A January court ruling shrinking a Wisconsin Indian tribe’s reservation means gambling cannot resume at a golf course and some tribal members may have to pay back taxes.
Congress has eliminated a 46,000-acre reservation given to the Stockbridge-Munsee tribe in 1856, the 7th Circuit Court of Appeals ruled. The decision means the reservation consists of parcels about one-third that size that Congress later set aside for the tribe.
The decision came in a decade-long legal dispute between the state of
Wisconsin and the tribe that started when the tribe purchased Pine
Hills Golf Course and Supper Club in Shawano County in the 1990s.
The golf course is on the original reservation, and the tribe, under
its gambling compact with the state, started operating about 170 slot
machines there. The state filed suit in 1998, saying the slots were
illegal because the land was no longer within the reservation’s
In 1999, U.S. Magistrate Judge Patricia Gorence granted an injunction
that shut down the slot machines while the courts considered whether
they were located inside the reservation. In 2004, she agreed with the
state that the reservation no longer existed as it did in 1856.
The reservation was downsized by an 1871 law that allowed timber
companies to purchase part of the land and eliminated by a 1906 act
that allotted remaining parcels to tribal members, Gorence ruled.
The tribe appealed, but the case was put on hold while the parties
tried to reach a settlement. After negotiations failed, the case
resumed and a three-member panel of the appeals court upheld Gorence’s
Neither law contained language specifically downsizing or eliminating
the reservation, but a review of the record shows that was Congress’
intent, Judge Terence Evans wrote for the panel. Government agencies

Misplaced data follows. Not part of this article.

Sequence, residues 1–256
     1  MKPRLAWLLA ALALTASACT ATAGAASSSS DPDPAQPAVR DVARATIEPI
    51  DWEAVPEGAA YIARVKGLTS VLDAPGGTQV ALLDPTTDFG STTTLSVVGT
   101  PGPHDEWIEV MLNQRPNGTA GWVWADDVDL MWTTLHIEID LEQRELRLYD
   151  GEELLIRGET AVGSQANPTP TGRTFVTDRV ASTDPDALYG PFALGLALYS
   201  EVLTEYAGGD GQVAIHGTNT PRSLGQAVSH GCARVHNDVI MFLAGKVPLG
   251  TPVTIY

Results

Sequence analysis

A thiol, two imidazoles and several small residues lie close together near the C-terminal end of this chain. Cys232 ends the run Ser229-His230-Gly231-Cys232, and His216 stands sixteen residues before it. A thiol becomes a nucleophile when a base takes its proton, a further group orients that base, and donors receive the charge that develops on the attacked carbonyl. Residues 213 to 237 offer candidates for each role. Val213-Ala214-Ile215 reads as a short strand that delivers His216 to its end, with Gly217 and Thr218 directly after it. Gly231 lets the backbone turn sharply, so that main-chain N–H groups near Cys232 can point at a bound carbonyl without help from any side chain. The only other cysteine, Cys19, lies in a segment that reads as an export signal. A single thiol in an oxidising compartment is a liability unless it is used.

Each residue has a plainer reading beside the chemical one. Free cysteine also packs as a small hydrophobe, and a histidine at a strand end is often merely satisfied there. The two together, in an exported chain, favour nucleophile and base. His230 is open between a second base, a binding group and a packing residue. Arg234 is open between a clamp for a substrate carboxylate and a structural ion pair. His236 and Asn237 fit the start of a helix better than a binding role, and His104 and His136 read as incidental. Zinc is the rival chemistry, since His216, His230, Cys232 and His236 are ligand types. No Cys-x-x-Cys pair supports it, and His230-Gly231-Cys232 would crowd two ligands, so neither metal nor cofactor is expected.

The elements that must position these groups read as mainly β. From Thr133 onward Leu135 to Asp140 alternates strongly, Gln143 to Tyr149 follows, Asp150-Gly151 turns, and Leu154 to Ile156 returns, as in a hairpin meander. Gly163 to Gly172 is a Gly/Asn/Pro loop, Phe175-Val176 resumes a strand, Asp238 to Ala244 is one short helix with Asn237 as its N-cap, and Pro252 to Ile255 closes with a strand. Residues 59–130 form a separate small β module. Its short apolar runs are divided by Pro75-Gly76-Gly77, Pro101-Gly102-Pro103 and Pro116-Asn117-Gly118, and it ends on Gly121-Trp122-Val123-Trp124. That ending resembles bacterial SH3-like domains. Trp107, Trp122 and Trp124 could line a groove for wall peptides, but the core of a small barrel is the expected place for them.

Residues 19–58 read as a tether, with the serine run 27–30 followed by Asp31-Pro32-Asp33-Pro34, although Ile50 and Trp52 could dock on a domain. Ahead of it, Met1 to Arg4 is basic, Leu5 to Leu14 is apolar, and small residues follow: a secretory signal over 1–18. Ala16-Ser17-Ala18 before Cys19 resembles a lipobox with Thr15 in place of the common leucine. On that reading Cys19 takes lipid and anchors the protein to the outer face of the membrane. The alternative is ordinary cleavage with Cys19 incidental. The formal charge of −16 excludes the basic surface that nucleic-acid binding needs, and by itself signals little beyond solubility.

mostly treated the reservation as abolished after the second law
passed, he wrote.
Tribal President Bob Chicks said he was disappointed with the decision
and is reviewing legal options. The tribe could ask the full 7th
Circuit to reconsider the decision or appeal to the U.S. Supreme Court.
The tribe has always claimed the property inside the 1856 boundaries,
which include the townships of Bartelme and Red Springs, Chicks said.
About half of the 1,500 tribal members live inside that area.
If it stands, the decision could have implications for tribal members
who live in the disputed boundaries and have not been paying taxes.
In 2000, the tribe agreed to collect taxes that could be due if its
appeal failed. That escrow account could soon be turned over to the
state. The program was voluntary, however, and some may not have
Once the case is resolved, the Department of Revenue could seek back taxes and penalties against tribal members.
The ruling is one more setback for the Stockbridge-Munsee, whose
history has been marked by displacement and conflict. The tribe was
pushed from the east coast to near Lake Winnebago in Wisconsin in the
1800s and then forced to give up that reservation in exchange for its
current location in 1856.
The appeals court noted that land “turned out to be heavily forested
and difficult to farm – not quite the arable land that had been
promised in the treaty.” And within 15 years, Congress allowed timber
companies to buy most of it.
Along with the golf course, the tribe owns and operates the Mohican
North Star Casino and Bingo and the Stockbridge-Munsee Health and